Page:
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DMSP biosynthesis by an animal and its role in coral thermal stress response

Abstract

Globally, reef-building corals are the most prolific producers of dimethylsulphoniopropionate (DMSP)1,2, a central molecule in the marine sulphur cycle and precursor of the climate-active gas dimethylsulphide3,4. At present, DMSP production by corals is attributed entirely to their algal endosymbiont, Symbiodinium2. Combining chemical, genomic and molecular approaches, we show that coral juveniles produce DMSP in the absence of algal symbionts. DMSP levels increased up to 54% over time in newly settled coral juveniles lacking algal endosymbionts, and further increases, up to 76%, were recorded when juveniles were subjected to thermal stress. We uncovered coral orthologues of two algal genes recently identified in DMSP biosynthesis, strongly indicating that corals possess the enzymatic machinery necessary for DMSP production. Our results overturn the paradigm that photosynthetic organisms are the sole biological source of DMSP, and highlight the double jeopardy represented by worldwide declining coral cover, as the potential to alleviate thermal stress through coral-produced DMSP declines correspondingly.

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Figure 1: Changes in DMSP and acrylate concentrations (mean ± s.e.) in coral juveniles lacking photosynthetic symbionts (n = 6; 40 juveniles per replicate) through a 6-day period after coral settlement.
Figure 2: Effects of thermal stress on adult colonies of the coral Acropora millepora.
Figure 3: Putative DMSP biosynthesis pathway and gene expression of coral orthologues.

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Acknowledgements

The authors would like to thank D. Yellowlees, R. Stocker, M. Garren, A. Johnston, W. Dunlap, H. Harrison, P. Warner and E. Botté for valuable comments on the manuscript. We specially thank K. Ritchie for her advice and encouragement. We also thank J. Hicks, P. Barron (Bruker Biospin), A. Negri, T. Harder, J. Tebben, M. Logan and J. Pollock for their assistance. This work was supported by the AMMRF Centre for Microscopy, Characterisation and Analysis (UWA), the ARC Centre of Excellence for Coral Reef Studies and AIMS.

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Authors and Affiliations

Authors

Contributions

J.-B.R. and A.L. designed the experiments. J.-B.R., C.A.M., D.A. and D.M.T. performed the juvenile experiment. J.-B.R., C.A.M., A.L., F.O.S. and D.M.T. performed the adult experiment. J.-B.R., P.L.C., C.A.M. and D.M.T. analysed the results. S.F. and J.-B.R. identified the candidate genes. J.-B.R. and B.L.W. wrote the manuscript. All authors edited the manuscript before submission.

Corresponding author

Correspondence to Jean-Baptiste Raina.

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The authors declare no competing financial interests.

Extended data figures and tables

Extended Data Figure 1 Density and photosynthetic efficiency (mean ± s.e.) of Symbiodinium cells within adult colonies of the coral Acropora millepora maintained under control (27 °C) or thermal stress (32 °C) conditions for 10 days.

a, Density of Symbiodinium cells in the same coral fragments through time. b, Comparison of photosystem II photochemical efficiency (maximum quantum yields: FV/FM) through time (repeated measure ANOVA, *P < 0.001; post-hoc simple main effect test, *P < 0.01). See also Extended Data Table 3.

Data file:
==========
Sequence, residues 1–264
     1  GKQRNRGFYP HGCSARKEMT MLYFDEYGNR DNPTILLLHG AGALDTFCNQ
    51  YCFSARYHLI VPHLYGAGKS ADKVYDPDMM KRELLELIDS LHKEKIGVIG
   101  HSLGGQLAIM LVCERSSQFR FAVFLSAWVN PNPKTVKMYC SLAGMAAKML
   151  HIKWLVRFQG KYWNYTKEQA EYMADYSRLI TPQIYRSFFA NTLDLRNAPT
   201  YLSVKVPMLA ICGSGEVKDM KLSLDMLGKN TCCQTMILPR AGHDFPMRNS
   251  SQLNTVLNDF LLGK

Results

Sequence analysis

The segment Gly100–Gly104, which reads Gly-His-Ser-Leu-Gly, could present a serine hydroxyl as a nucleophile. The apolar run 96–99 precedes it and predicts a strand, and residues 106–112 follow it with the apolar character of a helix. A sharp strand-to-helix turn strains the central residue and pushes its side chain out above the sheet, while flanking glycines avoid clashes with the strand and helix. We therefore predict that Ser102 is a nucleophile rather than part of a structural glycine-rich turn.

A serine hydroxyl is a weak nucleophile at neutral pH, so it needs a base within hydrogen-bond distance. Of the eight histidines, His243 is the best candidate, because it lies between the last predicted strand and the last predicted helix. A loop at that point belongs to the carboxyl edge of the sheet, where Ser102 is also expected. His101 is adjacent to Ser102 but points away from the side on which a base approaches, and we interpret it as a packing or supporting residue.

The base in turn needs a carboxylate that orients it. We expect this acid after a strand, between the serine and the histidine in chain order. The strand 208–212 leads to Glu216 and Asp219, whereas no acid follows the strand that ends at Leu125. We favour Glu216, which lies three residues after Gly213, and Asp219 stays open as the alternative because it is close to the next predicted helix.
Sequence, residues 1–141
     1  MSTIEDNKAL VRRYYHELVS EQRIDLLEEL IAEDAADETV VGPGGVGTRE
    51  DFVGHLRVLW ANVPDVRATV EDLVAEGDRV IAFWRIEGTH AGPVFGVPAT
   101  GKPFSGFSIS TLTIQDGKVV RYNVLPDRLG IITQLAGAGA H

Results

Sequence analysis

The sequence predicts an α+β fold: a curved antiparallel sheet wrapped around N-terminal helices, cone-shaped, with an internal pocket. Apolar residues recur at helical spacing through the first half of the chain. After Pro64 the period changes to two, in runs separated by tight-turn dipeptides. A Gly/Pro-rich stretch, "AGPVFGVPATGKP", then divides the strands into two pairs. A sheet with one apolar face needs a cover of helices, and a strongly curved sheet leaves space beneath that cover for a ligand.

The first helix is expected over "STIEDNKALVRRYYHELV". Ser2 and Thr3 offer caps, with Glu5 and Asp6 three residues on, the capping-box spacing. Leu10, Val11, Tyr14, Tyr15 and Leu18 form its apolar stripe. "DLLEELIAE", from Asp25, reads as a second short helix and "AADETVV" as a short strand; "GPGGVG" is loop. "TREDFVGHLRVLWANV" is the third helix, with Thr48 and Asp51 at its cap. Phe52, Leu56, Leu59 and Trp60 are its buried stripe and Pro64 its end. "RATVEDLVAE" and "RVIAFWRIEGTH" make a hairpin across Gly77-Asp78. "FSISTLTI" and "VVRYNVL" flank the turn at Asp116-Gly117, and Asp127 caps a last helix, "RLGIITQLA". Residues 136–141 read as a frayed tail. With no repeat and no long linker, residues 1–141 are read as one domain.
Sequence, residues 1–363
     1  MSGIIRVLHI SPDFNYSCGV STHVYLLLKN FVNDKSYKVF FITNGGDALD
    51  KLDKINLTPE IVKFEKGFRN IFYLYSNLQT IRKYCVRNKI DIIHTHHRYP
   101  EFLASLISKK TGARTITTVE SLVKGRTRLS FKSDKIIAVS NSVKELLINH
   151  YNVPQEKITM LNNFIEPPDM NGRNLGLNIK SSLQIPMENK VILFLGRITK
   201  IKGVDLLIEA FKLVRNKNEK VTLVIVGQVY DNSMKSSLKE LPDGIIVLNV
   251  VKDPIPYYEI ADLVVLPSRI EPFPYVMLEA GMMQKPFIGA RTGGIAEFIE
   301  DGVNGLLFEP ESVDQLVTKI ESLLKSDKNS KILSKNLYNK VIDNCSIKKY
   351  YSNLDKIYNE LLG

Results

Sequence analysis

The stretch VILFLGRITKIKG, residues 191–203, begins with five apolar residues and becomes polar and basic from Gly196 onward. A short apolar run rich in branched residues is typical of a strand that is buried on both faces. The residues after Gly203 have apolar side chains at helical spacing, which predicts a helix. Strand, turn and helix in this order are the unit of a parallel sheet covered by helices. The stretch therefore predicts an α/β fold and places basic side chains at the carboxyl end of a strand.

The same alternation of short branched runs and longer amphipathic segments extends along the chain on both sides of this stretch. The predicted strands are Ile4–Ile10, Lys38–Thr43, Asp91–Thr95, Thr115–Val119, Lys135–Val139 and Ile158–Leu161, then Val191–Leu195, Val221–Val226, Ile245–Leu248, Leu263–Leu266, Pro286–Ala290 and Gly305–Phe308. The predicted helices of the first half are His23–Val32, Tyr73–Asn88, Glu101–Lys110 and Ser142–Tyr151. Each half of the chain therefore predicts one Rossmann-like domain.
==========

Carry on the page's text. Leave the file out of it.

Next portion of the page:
Extended Data Figure 2 Representative transmission electron micrographs showing the effects of thermal stress on the internal structure of endosymbiotic Symbiodinium cells associated with the coral Acropora millepora.

a, c, Symbiodinium cells after 10 days at 27 °C, showing intact cell structures (a) and intact thylakoid membranes of chloroplasts (arrows), the photosynthetic centre of cells (c). b, d, Symbiodinium cells after 10 days at 32 °C, showing structurally degraded cells (b) with highly disrupted thylakoid membranes (arrows) (d). Scale bars, 1 μm. ch, chloroplast; nu, nucleus. e, Percentage of structurally damaged Symbiodinium cells within adult tissue throughout the thermal stress experiment. The numbers above the bars refer to the total number of Symbiodinium cells observed.

Extended Data Figure 3 Phylogenetic distribution of the reductase and methyltransferase orthologues (OrthoMCL groups OG5_131390 and OG5_156314, respectively).

Note the unusually sparse distribution of OG5_156314. In red: co-occurrence of these two enzymes occurs predominantly in DMSP-producing organisms. The only species of bacteria in the OrthoMCL database where these two enzymes occur simultaneously is the marine cyanobacterium Synechococcus.

Extended Data Table 1 Primer pairs used to target the genomic DNA of various microorganisms possibly responsible for DMSP production to assess presence in coral juveniles
Extended Data Table 2 Sums of squares (SS), mean squares (MS) and significance levels for ANOVAs of the Symbiodinium-free juvenile experiment
Extended Data Table 3 Sums of square (SS), mean squares (MS) and significance levels for ANOVAs of the thermal stress experiment on adult Acropora millepora corals
Extended Data Table 4 Description of the reductase and methyltransferase sequences in diatoms, corals and Symbiodinium
Extended Data Table 5 Composition of coral juvenile bacterial communities present in the two different coral species at the two temperature regimes after 6 days

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Raina, JB., Tapiolas, D., Forêt, S. et al. DMSP biosynthesis by an animal and its role in coral thermal stress response. Nature 502, 677–680 (2013). https://doi.org/10.1038/nature12677

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